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Remember the Toyota recall fiasco of 2010? Apparently, it's not over yet -- at least not for investors. They filed a lawsuit against the automaker at the height of the crisis, and now, nearly three years later, Toyota has agreed to compensate them to the tune of $25.5 million.
According to Detroit News, the lawsuit alleges that Toyota hid problems with its vehicles, and that if investors had known about those problems, they never would've bought Toyota stock. That stock took a nose-dive during the company's high-profile recall, erasing about $30 billion in market value.
Had the lawsuit gone to court, investors might have recovered up to $124 million. The case could have also exposed more problems at Toyota, even though the company has so far refused to accept blame for the recall issues. (And in fairness, some of those "issues" turned out to be hoaxes.)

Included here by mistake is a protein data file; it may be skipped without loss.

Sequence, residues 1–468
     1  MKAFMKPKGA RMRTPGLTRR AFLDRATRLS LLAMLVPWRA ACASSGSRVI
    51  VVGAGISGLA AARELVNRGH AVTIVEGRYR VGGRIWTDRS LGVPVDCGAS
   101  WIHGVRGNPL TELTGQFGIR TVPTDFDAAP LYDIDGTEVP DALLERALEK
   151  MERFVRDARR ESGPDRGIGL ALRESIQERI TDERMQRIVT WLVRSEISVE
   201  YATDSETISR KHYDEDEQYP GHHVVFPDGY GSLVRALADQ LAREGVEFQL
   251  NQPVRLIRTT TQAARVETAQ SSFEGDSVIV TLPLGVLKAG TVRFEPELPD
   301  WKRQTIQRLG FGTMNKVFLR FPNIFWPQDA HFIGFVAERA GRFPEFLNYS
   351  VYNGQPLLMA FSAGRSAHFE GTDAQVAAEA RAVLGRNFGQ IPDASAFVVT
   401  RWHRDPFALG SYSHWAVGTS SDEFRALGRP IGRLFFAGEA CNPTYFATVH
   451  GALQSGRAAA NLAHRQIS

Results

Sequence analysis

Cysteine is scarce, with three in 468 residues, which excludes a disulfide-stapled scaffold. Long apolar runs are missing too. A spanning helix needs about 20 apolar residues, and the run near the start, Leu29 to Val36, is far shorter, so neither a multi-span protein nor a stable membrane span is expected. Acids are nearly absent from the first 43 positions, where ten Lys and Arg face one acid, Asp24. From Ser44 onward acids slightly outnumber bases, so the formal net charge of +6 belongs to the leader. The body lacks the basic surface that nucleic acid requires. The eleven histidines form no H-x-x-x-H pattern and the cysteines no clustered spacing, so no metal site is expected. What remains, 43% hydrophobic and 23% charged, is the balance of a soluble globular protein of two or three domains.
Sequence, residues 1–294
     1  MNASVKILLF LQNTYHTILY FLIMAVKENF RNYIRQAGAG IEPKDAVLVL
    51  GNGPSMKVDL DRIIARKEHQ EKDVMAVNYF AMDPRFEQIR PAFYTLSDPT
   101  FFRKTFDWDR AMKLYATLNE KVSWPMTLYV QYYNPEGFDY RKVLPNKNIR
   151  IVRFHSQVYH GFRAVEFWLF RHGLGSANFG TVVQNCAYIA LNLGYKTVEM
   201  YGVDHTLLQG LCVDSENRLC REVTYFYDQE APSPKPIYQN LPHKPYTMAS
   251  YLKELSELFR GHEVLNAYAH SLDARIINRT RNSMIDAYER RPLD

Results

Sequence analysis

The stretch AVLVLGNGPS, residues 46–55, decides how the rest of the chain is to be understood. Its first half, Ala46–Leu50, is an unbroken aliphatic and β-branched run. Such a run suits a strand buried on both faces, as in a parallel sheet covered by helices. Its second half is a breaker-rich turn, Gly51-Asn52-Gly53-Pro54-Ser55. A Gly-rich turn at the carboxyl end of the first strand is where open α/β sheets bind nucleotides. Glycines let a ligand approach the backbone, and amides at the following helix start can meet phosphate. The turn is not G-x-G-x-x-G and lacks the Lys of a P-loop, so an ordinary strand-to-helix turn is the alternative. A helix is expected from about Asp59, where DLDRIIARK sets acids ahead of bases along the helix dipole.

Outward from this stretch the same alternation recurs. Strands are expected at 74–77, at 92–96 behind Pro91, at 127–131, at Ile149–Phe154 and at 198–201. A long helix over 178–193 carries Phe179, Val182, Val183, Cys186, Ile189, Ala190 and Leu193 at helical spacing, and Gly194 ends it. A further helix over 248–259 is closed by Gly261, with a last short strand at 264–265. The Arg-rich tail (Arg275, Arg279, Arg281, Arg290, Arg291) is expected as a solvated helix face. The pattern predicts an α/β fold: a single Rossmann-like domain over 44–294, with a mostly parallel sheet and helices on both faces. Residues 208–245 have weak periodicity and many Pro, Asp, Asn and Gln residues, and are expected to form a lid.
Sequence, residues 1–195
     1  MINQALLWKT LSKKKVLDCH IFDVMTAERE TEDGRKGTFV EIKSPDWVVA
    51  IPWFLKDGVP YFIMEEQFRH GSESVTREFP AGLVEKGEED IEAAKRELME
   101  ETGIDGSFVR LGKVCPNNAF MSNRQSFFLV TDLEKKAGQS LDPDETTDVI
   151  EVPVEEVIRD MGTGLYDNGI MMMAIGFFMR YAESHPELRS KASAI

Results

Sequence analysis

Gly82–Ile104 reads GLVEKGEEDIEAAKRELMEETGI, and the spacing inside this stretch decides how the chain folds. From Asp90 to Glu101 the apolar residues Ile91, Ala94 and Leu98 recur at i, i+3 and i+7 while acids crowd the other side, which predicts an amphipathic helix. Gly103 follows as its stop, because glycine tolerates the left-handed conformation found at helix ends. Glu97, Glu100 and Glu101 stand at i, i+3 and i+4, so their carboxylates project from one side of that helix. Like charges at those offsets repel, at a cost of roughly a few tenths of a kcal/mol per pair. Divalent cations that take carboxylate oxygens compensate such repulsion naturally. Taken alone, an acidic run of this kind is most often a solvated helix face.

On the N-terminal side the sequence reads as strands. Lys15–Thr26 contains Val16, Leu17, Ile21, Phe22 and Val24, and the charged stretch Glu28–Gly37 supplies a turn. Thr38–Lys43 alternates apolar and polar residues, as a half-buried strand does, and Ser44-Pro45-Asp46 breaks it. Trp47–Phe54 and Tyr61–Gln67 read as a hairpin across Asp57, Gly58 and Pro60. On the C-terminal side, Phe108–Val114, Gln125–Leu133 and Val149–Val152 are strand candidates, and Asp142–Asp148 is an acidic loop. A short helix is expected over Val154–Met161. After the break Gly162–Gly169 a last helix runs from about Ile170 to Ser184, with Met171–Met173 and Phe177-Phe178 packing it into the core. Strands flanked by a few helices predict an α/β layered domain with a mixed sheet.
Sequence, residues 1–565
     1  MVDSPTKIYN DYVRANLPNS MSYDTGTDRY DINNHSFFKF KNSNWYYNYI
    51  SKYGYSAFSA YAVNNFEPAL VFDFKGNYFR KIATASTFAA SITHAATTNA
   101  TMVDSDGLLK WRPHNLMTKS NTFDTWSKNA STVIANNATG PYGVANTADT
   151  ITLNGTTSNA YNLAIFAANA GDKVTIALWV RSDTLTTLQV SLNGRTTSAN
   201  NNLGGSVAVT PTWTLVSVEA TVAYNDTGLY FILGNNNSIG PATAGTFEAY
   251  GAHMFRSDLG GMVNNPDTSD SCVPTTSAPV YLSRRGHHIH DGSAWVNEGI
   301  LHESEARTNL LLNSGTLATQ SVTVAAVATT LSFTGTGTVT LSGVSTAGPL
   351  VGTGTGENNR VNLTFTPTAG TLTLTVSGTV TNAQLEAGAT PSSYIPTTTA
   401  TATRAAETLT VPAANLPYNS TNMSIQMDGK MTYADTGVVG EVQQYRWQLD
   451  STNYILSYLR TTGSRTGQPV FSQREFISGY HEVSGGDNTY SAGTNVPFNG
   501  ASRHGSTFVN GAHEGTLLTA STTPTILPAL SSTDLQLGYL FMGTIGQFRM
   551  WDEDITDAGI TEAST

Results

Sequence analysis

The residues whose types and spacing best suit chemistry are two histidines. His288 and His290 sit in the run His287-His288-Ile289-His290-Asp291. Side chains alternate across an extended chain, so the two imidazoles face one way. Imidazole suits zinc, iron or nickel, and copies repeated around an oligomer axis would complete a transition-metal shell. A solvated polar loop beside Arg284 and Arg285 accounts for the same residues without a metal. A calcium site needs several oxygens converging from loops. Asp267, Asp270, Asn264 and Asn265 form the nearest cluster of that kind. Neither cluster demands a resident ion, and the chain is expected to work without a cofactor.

Not surprisingly, Toyota took the less expensive route: the settlement filed in U.S. District Court in Los Angeles is for a markedly more palatable sum of $25.5 million.
Those funds will be divvied up among thousands of individuals and institutions who purchased Toyota stock between May 2005 and February 2, 2010. If you're not a daytrader, you might think that the settlement doesn't affect you, but think again: hundreds of fund managers held Toyota in their portfolios. In fact, the lead plaintiff in the case was the Maryland State Retirement and Pension System, which doles out benefits to 350,000 former state workers and their families.
That said, investors who still hold Toyota stock probably shouldn't worry about this settlement putting a squeeze on their own returns. In light of Toyota's recent quarterly profits, totaling $3.2 billion, $25.5 million won't have much of an impact -- though today's new recall of 2.77 million Toyota vehicles might....